To be published by Caustic Frolic, a literary magazine at NYU, in late May 2020
Penny almost tossed the letter from the adoptees’ group, but on second thought set it aside to read. She’d sent them ten dollars just to be on their mailing list and know what they were up to, so she should at least glance at this latest missive.
Standing at Harmony Acres’ bank of mailboxes, she still had the slim, upright posture that had helped her command schoolrooms, her dark pantsuit blending a teacher’s casual neatness and a widow’s severity. Her complexion did not betray her age, and her hair was so neatly coiffed one might almost think she’d chosen to color it white. . . .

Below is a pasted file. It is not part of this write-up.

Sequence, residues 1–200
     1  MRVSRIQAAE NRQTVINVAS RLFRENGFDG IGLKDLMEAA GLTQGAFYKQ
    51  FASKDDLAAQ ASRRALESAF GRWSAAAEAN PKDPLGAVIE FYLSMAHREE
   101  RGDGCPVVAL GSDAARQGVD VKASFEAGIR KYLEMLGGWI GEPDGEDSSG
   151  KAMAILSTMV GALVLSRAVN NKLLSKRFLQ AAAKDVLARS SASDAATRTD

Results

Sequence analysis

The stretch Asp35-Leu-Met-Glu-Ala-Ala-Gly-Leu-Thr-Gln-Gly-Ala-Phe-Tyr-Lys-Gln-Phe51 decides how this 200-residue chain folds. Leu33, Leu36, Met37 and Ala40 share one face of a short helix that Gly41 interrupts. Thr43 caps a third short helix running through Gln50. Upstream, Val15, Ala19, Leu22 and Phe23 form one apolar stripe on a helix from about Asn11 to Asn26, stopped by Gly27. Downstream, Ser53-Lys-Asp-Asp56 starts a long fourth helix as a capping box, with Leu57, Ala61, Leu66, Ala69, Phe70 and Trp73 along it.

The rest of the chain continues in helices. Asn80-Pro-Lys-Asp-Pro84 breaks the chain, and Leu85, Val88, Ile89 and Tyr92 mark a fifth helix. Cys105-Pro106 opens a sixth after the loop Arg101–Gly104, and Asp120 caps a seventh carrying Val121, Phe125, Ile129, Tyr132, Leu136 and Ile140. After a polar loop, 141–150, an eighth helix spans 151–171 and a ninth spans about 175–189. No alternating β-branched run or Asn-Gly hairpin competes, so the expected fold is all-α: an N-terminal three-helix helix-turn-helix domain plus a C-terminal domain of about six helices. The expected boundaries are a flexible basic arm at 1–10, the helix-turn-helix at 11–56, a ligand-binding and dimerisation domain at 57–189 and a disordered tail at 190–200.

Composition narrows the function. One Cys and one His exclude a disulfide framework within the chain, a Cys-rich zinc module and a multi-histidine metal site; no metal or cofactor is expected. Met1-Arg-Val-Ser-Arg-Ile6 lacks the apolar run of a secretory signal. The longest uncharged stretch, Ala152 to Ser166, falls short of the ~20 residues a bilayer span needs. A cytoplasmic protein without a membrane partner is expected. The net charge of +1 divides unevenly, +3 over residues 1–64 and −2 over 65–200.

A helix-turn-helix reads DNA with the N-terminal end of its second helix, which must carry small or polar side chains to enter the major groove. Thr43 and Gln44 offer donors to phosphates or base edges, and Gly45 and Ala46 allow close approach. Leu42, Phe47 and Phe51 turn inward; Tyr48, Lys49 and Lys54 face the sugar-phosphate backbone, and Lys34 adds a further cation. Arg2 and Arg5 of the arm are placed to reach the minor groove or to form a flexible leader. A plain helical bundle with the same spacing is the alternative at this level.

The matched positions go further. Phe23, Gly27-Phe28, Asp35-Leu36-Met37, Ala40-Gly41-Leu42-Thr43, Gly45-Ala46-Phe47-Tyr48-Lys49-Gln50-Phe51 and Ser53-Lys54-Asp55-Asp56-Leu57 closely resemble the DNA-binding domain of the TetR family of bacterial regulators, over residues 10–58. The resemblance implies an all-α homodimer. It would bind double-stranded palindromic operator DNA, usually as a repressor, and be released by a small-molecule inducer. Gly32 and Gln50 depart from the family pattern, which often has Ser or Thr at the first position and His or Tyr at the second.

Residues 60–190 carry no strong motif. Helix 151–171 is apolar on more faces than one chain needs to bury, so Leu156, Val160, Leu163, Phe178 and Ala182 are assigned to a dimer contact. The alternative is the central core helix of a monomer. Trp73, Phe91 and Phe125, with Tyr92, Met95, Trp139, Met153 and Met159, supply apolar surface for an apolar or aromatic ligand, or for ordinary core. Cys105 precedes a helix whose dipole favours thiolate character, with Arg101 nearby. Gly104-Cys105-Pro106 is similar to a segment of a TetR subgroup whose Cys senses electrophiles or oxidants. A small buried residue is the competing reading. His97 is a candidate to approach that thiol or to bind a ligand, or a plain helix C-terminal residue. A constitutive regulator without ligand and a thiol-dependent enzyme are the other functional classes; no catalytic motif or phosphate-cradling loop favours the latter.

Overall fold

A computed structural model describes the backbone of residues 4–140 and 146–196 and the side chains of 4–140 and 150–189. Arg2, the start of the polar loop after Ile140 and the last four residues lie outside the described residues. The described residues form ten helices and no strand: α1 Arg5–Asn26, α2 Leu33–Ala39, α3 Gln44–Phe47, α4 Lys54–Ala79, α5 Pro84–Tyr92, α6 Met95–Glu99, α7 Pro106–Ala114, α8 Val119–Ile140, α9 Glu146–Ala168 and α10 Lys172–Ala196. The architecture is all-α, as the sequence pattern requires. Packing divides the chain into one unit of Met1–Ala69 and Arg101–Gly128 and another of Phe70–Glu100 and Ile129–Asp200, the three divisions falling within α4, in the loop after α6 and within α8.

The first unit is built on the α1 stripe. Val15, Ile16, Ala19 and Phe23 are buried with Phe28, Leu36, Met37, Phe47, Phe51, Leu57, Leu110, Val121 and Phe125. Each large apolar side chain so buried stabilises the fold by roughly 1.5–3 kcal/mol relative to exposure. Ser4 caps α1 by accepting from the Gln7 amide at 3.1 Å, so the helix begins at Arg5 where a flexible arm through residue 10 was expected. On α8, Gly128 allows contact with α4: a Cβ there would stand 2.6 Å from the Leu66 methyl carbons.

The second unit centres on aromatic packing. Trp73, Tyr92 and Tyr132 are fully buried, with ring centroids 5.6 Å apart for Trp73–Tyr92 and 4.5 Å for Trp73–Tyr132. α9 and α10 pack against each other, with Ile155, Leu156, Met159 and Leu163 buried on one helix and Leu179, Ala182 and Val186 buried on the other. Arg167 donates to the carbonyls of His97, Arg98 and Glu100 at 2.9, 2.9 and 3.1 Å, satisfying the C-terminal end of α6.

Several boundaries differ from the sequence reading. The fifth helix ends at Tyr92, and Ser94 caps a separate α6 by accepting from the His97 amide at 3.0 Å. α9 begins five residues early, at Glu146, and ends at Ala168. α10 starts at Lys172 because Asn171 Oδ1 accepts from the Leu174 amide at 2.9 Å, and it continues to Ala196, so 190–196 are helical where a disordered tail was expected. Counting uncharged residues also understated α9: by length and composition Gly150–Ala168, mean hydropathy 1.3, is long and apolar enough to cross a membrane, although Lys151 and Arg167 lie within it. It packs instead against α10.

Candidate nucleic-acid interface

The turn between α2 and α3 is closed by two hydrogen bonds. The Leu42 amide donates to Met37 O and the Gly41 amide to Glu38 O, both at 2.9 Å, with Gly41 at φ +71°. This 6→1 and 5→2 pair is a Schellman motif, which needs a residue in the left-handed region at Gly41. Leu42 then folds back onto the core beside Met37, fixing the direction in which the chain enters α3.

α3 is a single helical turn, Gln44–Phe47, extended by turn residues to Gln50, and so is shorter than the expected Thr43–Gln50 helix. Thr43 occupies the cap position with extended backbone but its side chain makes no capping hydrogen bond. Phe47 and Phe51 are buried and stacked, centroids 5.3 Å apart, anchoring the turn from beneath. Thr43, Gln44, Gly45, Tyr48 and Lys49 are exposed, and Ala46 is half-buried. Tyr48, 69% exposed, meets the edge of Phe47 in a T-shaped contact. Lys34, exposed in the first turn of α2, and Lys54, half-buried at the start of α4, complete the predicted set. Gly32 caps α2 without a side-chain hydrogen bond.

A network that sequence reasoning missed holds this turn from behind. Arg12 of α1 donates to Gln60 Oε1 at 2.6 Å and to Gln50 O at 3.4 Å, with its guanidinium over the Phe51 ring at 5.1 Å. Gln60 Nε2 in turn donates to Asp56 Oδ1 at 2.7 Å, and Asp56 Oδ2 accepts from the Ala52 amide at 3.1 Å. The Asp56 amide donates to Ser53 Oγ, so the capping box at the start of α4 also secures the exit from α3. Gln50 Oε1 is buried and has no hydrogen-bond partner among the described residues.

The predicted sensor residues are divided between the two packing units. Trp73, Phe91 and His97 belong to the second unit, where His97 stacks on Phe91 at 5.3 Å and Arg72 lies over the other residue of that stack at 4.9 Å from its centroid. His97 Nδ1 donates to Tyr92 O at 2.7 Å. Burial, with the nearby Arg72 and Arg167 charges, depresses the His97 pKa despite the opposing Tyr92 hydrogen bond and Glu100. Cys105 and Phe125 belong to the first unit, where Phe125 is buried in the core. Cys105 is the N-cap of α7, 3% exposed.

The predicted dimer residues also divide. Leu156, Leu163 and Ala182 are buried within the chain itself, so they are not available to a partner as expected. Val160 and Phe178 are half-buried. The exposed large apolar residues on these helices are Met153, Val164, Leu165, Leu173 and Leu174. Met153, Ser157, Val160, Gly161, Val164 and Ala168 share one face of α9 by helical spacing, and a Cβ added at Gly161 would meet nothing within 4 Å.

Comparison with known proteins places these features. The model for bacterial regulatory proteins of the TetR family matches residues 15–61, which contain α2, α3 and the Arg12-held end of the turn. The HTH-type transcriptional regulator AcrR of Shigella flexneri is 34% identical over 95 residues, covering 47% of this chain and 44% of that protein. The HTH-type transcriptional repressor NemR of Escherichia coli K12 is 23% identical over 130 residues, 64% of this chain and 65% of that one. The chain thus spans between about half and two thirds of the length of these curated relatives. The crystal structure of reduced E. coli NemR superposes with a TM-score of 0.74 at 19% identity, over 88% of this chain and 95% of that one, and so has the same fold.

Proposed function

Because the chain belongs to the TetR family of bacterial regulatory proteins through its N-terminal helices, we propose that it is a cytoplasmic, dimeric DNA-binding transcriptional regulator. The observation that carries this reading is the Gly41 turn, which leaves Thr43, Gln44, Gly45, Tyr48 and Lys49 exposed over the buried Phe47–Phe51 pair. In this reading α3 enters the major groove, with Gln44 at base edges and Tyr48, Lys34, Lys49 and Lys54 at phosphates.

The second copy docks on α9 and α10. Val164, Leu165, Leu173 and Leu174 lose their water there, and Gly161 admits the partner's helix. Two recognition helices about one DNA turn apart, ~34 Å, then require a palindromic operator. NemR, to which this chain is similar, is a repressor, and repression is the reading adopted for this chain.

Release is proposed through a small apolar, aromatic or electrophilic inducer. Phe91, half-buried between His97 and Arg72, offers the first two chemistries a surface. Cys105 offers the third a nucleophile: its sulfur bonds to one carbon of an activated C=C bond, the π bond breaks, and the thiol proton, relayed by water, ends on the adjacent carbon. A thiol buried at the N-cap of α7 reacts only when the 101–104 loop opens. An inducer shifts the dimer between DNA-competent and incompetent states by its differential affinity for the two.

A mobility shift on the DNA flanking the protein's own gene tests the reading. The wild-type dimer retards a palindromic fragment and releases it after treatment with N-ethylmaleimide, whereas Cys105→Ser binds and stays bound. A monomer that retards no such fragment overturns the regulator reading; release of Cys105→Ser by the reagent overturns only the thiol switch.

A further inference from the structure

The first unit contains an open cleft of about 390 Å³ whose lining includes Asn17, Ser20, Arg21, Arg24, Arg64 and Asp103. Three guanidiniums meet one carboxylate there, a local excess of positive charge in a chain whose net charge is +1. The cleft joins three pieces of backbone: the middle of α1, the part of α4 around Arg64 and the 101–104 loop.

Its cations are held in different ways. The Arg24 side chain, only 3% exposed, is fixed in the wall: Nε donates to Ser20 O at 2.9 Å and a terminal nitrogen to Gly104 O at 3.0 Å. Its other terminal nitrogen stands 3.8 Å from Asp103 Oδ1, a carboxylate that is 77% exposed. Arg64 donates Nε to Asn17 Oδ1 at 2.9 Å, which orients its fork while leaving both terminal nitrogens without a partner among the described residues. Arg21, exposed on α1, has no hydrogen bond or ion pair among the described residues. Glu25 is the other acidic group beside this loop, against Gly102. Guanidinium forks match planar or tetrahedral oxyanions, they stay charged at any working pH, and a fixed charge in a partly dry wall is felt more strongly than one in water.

She tucked a bill and a charity appeal into her tote, consigned the rest of the day’s mail to limbo, and turned back to the envelope from the State Adoptees’ Advocacy Association. The organization’s raison d’être – which she hardly shared — was to get state law changed: to allow people adopted long ago to see their original birth certificates.